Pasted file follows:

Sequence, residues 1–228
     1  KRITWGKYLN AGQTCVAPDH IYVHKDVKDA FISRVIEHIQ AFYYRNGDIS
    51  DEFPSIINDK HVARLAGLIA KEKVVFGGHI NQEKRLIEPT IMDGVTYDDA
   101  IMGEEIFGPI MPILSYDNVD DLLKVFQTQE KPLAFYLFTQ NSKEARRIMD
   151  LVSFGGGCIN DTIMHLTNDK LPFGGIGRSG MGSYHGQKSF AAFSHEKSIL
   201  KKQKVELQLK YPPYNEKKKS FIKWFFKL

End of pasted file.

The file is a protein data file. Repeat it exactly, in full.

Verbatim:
Sequence, residues 1–228
     1  KRITWGKYLN AGQTCVAPDH IYVHKDVKDA FISRVIEHIQ AFYYRNGDIS
    51  DEFPSIINDK HVARLAGLIA KEKVVFGGHI NQEKRLIEPT IMDGVTYDDA
   101  IMGEEIFGPI MPILSYDNVD DLLKVFQTQE KPLAFYLFTQ NSKEARRIMD
   151  LVSFGGGCIN DTIMHLTNDK LPFGGIGRSG MGSYHGQKSF AAFSHEKSIL
   201  KKQKVELQLK YPPYNEKKKS FIKWFFKL